THE TIMKENS sent their child Laura off to college with a check for $7,000 for tuition and thought that was the end of it. But soon after they received a letter from the Dean of Academic Studies.

"We are happy to announce that we have instituted a remedial reading class for college freshmen and strongly advise that your daughter Laura participate in it. If she doesn't, it is our opinion that Laura will not be able to keep up with her studies. The cost will be $250."

Timken read the letter, "I thought Laura could read," he said to his wife.

"So did I. I think the problem is she can read, but she has no comprehension of what she reads."

"What did they teach her in public school and high school?"

"I have no idea, but if the college says she needs remedial reading we better see that she gets it or $7,000 will go down the drain."

A few days later they got another letter from the Dean. "The English Department has brought to our attention the fact that your daughter Laura cannot write. They have recommended that she enroll in the remedial writing class which we started two years ago when we discovered this was a common problem for most college students. If you agree that Laura should get this special help please send a check for $250."

Timken was now very angry.

"How did she get in college if she can't write?"

Mrs. Timken was much more sanguine about it. "Laura can write. She just can't write complete sentences."

"She went to school for eight years and she can't write a sentence?"

"Don't you remember? They were much more interested in Laura's thoughts than they were in how she put them down. The teacher's main concern was with expanding her consciousness."

"That's hog wash," Timken said. "They made an illiterate out of my daughter."

I believe that's a bit strong. Laura graduated with honors in analytical consciousness raising."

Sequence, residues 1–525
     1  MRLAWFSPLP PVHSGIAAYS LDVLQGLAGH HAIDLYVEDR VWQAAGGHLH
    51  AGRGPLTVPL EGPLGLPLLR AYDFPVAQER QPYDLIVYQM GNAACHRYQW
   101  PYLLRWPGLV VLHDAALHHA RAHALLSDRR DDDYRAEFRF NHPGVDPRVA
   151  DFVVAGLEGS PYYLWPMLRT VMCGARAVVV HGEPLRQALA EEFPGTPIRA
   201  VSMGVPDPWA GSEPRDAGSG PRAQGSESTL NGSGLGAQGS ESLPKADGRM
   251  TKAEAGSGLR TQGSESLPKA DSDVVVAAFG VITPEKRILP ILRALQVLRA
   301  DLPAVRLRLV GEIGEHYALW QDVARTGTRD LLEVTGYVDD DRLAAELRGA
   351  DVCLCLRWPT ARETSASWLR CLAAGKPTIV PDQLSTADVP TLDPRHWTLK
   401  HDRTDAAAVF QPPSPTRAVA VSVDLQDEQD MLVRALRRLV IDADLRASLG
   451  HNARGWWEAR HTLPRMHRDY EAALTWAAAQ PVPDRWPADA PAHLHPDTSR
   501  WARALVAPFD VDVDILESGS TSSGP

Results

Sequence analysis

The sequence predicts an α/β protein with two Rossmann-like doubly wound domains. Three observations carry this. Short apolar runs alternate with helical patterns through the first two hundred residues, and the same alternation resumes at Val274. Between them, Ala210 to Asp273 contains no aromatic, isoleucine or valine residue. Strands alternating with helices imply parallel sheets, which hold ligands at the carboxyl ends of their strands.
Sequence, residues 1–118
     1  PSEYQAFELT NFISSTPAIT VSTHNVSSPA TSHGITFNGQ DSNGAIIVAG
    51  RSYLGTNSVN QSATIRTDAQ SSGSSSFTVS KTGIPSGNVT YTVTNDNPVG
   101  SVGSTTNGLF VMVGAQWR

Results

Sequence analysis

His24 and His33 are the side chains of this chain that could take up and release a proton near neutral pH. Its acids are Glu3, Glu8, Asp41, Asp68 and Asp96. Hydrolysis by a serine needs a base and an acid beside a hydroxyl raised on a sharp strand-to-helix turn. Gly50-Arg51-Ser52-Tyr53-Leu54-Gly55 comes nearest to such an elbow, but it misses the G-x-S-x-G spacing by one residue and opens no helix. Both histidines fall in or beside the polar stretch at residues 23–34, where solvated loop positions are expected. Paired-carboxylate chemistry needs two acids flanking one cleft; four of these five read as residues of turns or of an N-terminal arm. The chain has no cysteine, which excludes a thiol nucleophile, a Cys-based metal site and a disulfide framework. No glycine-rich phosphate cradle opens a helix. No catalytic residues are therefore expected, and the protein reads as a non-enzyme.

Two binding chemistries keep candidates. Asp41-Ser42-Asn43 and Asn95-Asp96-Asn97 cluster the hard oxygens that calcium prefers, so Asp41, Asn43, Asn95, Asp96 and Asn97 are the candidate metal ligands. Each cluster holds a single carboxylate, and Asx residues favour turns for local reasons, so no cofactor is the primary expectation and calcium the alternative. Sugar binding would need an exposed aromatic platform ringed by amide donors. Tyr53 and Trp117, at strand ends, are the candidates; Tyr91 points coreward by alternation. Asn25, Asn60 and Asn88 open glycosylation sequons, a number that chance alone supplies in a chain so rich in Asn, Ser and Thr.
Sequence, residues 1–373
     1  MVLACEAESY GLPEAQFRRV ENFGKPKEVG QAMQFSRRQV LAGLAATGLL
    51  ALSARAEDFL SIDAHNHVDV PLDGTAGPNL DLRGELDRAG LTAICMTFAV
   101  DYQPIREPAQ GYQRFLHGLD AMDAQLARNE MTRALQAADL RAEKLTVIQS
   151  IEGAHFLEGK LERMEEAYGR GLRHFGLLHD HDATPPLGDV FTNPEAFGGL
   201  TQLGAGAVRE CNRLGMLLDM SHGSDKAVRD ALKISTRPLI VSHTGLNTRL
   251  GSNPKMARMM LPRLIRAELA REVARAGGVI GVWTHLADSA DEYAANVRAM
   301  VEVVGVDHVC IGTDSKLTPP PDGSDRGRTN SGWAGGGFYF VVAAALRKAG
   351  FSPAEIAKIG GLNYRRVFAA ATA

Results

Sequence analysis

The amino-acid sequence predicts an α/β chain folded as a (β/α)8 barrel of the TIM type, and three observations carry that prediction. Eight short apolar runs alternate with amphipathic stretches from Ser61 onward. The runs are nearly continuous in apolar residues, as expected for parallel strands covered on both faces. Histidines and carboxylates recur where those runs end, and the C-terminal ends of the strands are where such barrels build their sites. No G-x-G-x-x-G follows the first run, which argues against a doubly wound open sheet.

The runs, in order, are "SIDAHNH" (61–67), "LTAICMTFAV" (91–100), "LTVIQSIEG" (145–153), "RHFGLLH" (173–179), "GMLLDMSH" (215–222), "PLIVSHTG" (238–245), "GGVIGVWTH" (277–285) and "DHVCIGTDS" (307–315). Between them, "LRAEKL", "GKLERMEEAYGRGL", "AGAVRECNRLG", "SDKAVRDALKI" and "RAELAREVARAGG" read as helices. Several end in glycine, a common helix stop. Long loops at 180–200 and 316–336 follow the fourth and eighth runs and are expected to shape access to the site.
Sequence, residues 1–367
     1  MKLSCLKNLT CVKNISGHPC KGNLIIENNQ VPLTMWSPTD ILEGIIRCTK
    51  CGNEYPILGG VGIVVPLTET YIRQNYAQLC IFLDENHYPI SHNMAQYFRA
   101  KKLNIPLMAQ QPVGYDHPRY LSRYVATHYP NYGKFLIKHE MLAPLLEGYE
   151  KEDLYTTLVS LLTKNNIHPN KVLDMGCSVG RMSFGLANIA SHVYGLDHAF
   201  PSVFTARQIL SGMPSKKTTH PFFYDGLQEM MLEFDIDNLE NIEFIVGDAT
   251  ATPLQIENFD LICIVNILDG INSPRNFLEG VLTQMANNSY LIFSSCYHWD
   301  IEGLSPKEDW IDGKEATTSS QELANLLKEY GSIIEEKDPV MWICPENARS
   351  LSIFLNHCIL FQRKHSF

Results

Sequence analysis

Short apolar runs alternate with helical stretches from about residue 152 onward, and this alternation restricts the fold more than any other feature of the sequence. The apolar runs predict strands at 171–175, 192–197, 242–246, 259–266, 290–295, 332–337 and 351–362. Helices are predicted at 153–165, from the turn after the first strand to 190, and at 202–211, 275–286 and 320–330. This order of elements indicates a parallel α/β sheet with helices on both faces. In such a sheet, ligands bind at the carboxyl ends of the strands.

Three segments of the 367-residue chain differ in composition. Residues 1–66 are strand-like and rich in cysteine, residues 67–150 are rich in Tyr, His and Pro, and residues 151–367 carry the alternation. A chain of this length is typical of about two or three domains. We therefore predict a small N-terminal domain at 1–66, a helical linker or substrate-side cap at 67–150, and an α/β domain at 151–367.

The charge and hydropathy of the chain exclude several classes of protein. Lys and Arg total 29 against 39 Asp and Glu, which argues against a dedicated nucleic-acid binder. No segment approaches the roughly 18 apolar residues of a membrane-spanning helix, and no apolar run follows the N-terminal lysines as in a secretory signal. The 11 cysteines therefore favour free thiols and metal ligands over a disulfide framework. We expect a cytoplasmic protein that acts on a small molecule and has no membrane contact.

"But she can't write."

"I'm sure the college can help her learn to write. After all it is an institution of higher learning."

"So now we have to pay $250 for something they should have taught her in grammar school."

"Don't you remember when we went to the PTA meeting years ago, and the principal said it was the school's responsibility to make good citizens out of the students, and the parent's responsibility to teach the children how to read and write. Carlton, we're the ones who failed."

Timken sent in the check, and was not surprised to find another letter waiting for him a week later.

It read, "It has come to our attention that no one in the freshman class can add, multiply, subtract or divide simple sums. We feel it is urgent that this deficiency be corrected early in student's college career. Therefore, we are setting up a special remedial arithmetic course. The fee will be $250. If you do not want your daughter to take this course we cannot guarantee she will graduate."

Once again Timken went through the ceiling. "I thought Laura got A's in math in high school."

Mrs. Timken said, "That was conceptual math. Her courses had to do with the advanced integration of numbers. She never could add or subtract them. Don't you recall when you complained about it. Laura's teacher told you, 'She can always learn to add and subtract when she gets to college."